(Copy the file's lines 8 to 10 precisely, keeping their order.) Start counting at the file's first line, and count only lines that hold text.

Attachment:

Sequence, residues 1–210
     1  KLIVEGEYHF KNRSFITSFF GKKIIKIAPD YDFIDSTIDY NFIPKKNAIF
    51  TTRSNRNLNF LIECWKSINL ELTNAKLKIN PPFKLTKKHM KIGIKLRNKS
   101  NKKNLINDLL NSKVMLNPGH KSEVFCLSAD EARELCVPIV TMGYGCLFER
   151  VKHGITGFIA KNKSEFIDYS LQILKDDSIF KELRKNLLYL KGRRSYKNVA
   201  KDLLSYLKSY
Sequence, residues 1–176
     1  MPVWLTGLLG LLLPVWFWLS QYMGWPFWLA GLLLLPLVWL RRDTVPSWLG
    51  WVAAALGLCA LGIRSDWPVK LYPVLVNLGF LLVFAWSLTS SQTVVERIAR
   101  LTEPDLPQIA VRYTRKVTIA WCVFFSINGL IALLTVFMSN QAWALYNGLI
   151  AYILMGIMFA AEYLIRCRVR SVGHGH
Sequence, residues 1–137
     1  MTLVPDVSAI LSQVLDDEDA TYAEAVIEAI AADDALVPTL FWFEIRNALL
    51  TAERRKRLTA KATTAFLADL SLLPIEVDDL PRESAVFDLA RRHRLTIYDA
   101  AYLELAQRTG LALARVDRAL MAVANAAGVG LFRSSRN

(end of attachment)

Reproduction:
     1  MPVWLTGLLG LLLPVWFWLS QYMGWPFWLA GLLLLPLVWL RRDTVPSWLG
    51  WVAAALGLCA LGIRSDWPVK LYPVLVNLGF LLVFAWSLTS SQTVVERIAR
   101  LTEPDLPQIA VRYTRKVTIA WCVFFSINGL IALLTVFMSN QAWALYNGLI